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During the last decade, our understanding of the molecular bases for genetic disorders of the skin has expanded tremendously. Identifying the gene mutations that lead to phenotypic manifestations facilitates prenatal diagnosis using molecular techniques. For some disorders, this information has translated into early trials of gene therapy or the development of new pharmacologic therapy based on manipulation of gene product levels. Several support groups that provide education for patients and physicians are available and are listed for each subgroup of genetic disorders of skin. The National Organization for Rare Disorders (NORD) at http://www.rarediseases.org can also help families for whom there is no specific support group. More information about specific genetic disorders can be found at http://www.ncbi.nih.gov/sites/entrez?db=OMIM and about the availability of genetic testing at http://www.genetests.org.

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Named for the Greek term meaning “fishlike scales,” this heterogeneous group of disorders is characterized by the predominant clinical feature of visible accumulation of scale. FIRST (Foundation for Ichthyosis and Related Skin Types) is a national support group for patients with the ichthyoses and other disorders with thickening of epidermis (http://www.scalyskin.org). During the past decade, the underlying molecular basis for many of the ichthyotic disorders has been discovered, and many can be diagnosed prenatally through molecular analysis of genomic DNA obtained by chorionic villus sampling or amniocentesis. If possible, specific diagnosis should be made as early as possible to aid in prognostication and genetic counseling. In general, therapy for these disorders is similar and is based on disease severity and tolerance rather than the specific type. During the neonatal and early infantile period, however, therapy should be limited to the frequent application of bland emollients, since use of topical medications with keratolytic agents during the first 6 months of life is usually unnecessary and risks significant absorption of potentially toxic substances (eg, absorption of lactic acid, salicylic acid).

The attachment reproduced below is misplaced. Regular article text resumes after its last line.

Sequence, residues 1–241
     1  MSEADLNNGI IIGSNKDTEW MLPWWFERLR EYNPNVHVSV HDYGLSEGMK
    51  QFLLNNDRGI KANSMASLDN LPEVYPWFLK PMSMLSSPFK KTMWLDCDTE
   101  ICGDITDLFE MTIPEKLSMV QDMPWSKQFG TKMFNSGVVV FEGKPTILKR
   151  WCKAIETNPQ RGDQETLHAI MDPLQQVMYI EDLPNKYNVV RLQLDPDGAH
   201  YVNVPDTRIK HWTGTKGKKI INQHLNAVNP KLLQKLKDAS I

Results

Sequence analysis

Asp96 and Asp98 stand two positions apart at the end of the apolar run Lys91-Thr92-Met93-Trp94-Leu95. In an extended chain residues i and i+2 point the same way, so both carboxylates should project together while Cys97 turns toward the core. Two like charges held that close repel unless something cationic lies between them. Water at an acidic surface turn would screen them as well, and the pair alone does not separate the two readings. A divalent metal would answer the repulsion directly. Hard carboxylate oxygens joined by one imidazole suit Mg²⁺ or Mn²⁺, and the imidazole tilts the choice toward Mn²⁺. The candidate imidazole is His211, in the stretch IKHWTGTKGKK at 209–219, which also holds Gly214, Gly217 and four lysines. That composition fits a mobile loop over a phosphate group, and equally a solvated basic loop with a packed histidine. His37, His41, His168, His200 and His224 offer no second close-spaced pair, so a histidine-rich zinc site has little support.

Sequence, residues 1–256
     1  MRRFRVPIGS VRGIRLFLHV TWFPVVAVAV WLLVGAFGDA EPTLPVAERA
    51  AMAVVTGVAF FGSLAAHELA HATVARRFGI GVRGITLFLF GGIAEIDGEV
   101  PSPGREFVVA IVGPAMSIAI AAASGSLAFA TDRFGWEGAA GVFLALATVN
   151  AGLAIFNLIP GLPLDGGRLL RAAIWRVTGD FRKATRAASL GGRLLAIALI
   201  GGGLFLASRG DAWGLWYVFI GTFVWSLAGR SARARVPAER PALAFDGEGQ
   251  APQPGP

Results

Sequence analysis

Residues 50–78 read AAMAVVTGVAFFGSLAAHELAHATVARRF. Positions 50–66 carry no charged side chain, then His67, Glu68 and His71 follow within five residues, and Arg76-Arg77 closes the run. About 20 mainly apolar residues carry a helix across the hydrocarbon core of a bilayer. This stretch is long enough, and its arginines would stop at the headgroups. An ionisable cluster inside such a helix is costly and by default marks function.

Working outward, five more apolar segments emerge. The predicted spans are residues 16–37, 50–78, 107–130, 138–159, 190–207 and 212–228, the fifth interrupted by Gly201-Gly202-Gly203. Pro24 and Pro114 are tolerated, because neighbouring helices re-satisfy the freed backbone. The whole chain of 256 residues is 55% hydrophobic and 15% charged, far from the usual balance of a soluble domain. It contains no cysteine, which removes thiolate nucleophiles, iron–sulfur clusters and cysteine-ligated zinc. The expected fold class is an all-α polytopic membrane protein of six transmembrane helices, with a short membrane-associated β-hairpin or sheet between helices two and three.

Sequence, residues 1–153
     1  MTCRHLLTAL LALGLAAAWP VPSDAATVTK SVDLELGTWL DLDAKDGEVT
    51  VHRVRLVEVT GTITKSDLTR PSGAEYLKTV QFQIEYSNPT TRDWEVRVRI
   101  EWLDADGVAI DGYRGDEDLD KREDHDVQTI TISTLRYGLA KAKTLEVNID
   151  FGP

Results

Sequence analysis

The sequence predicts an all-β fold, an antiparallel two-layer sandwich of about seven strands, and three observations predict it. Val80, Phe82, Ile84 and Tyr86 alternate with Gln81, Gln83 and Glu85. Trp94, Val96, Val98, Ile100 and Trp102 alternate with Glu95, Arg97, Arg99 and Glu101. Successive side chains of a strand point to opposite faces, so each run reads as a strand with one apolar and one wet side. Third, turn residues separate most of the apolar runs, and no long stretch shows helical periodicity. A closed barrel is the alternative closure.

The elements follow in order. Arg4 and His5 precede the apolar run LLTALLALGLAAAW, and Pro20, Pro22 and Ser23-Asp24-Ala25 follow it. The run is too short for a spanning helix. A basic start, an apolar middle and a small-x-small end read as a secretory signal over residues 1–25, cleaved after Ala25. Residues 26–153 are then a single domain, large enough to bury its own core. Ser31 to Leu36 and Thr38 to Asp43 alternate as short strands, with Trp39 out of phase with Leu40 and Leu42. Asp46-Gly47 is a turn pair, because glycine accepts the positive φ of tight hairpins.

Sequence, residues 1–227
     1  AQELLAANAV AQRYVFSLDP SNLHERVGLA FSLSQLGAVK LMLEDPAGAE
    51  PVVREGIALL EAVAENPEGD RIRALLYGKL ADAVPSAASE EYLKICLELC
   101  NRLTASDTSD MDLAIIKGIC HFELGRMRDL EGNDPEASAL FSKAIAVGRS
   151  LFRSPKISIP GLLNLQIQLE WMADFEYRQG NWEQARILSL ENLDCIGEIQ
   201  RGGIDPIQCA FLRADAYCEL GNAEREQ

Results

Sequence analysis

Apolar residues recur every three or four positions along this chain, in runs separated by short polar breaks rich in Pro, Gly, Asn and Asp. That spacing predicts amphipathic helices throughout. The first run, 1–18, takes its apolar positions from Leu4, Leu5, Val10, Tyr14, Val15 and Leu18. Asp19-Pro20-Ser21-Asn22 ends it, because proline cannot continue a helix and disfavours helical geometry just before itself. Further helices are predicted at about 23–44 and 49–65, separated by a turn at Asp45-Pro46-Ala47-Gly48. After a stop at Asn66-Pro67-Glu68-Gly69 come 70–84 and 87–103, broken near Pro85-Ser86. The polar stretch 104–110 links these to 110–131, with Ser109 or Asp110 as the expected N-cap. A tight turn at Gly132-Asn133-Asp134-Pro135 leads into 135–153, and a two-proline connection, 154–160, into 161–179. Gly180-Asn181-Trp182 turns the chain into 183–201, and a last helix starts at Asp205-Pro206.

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Scaling in the genetic forms is usually either present at birth or has its onset within the first few years of life. Rarely, nongenetic causes lead to ichthyosis in pediatric patients. Causes of acquired ichthyosis include hypothyroidism, chronic renal insufficiency, malignancy (particularly lymphoma), malabsorption syndromes, essential fatty acid deficiency, sarcoidosis, and certain drugs (particularly hypocholesterolemic agents).

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Ichthyosis vulgaris is the most common form of the ichthyoses.1,2 It is now known to result from mutations in the gene encoding filaggrin, a gene also recently implicated in atopic dermatitis. Approximately 1 in 20 Northern European individuals carry a mutation on 1 allele and have a mild form; homozygotes have a much more severe form. Thus, the disorder is not autosomal dominant, as was once thought, but is semidominant. Regardless of severity, the onset of scaling in ichthyosis vulgaris tends to be after 3 months of age and may become more prominent later during childhood or at puberty. Fine, white scales, often without much erythema, predominate on the exterior surfaces of the extremities, especially the legs (Fig. 360-1). There is ...

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